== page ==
Dimerization of VirD2 Binding Protein Is Essential for Agrobacterium Induced Tumor Formation in Plants
Resumen: The Type IV Secretion System (T4SS) is the only bacterial secretion system known to translocate both DNA and protein substrates. The VirB/D4 system from Agrobacterium tumefaciens is a typical T4SS. It facilitates the bacteria to translocate the VirD2-T-DNA complex to the host cell cytoplasm. In addition to protein-DNA complexes, the VirB/D4 system is also involved in the translocation of several effector proteins, including VirE2, VirE3 and VirF into the host cell cytoplasm. These effector proteins aid in the proper integration of the translocated DNA into the host genome. The VirD2-binding protein (VBP) is a key cytoplasmic protein that recruits the VirD2–T-DNA complex to the VirD4-coupling protein (VirD4 CP) of the VirB/D4 T4SS apparatus. Here, we report the crystal structure and associated functional studies of the C-terminal domain of VBP. This domain mainly consists of a-helices, and the two monomers of the asymmetric unit form a tight dimer. The structural analysis of this domain confirms the presence of a HEPN (higher eukaryotes and prokaryotes nucleotide-binding) fold. Biophysical studies show that VBP is a dimer in solution and that the HEPN domain is the dimerization domain. Based on structural and mutagenesis analyses, we show that substitution of key residues at the interface disrupts the dimerization of both the HEPN domain and full-length VBP. In addition, pull-down analyses show that only dimeric VBP can interact with VirD2 and VirD4 CP. Finally, we show that only Agrobacterium harboring dimeric full-length VBP can induce tumors in plants. This study sheds light on the structural basis of the substrate recruiting function of VBP in the T4SS pathway of A. tumefaciens and in other pathogenic bacteria employing similar systems.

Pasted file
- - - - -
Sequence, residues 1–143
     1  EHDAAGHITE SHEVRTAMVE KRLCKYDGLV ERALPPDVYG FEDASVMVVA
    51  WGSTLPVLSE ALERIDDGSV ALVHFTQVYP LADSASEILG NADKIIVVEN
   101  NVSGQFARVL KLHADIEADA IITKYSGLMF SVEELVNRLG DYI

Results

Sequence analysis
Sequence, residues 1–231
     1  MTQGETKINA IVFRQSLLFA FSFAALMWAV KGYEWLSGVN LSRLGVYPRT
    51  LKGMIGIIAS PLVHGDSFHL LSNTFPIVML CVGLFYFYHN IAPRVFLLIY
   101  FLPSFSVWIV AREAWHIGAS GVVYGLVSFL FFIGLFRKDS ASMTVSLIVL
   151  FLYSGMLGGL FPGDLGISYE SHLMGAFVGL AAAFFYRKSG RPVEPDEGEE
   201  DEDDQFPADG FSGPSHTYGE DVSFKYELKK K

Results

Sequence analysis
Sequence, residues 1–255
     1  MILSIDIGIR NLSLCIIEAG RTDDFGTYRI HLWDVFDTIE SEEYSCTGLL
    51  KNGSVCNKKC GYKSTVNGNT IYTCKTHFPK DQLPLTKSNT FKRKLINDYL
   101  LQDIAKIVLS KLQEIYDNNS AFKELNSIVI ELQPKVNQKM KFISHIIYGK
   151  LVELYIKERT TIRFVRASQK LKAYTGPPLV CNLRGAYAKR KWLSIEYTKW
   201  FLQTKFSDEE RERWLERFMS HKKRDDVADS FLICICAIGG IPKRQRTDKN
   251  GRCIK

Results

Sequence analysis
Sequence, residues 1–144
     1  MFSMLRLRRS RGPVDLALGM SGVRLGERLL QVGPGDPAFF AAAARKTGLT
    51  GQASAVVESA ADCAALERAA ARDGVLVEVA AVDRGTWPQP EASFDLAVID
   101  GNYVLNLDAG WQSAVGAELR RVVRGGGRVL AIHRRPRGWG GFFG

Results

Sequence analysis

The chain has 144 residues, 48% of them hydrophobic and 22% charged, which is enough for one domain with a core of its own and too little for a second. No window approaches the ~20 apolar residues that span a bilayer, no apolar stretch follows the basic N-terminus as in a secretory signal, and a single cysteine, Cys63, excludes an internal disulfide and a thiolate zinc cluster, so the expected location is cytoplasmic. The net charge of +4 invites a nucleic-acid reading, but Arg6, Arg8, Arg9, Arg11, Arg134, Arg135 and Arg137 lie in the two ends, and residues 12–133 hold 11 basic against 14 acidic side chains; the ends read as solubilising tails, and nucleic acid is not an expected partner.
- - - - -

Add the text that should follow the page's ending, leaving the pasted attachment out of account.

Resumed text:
Author Summary:
Agrobacterium tumefaciens causes crown gall disease (tumors) in agriculturally important plant species. It initiates infection through its Ti plasmid, which integrates a portion of its own DNA (T-DNA) into that of the host genome. The T-DNA is bound to VirD2 relaxase, and this complex is required for the efficient translocation and integration of the T-DNA into the plant genome for tumor formation. Two additional proteins, among others, are also required for Agrobacterium tumorigenesis: VirD4-coupling protein (CP) and VirD2-binding protein (VBP). VBP is responsible for recruiting VirD2–T-DNA to VirD4 CP to help localize T-DNA to the Type IV Secretion System apparatus for transfer. However, it is still unclear how VBP recruits the complex to VirD4 CP. Here, we report the crystal structure and associated functional studies of the C-terminal domain of VBP. We show that the C-terminal domain is the dimerization domain of VBP and only dimeric VBP is functional and essential for the induction of tumor in plants. This study enhances the understanding of the role of VBP in recruiting VirD2–T-DNA in A. tumefaciens prior to its transfer into the host plant. This mode of action can be extended to other pathogenic bacteria employing similar secretion systems.

Idioma: Inglés
DOI: 10.1371/journal.ppat.1003948
Año: 2014
Publicado en: PLoS Pathogens 10, 3 (2014), e1003948[12 pp]
ISSN: 1553-7366

Factor impacto JCR: 7.562 (2014)
Categ. JCR: MICROBIOLOGY rank: 10 / 119 = 0.084 (2014) - Q1 - T1
Categ. JCR: VIROLOGY rank: 2 / 33 = 0.061 (2014) - Q1 - T1
Categ. JCR: PARASITOLOGY rank: 2 / 36 = 0.056 (2014) - Q1 - T1

Factor impacto SCIMAGO:

Tipo y forma: Article (Published version)
Área (Departamento): Bioquímica y Biología Molecular (Departamento de Bioquímica y Biología Molecular y Celular)

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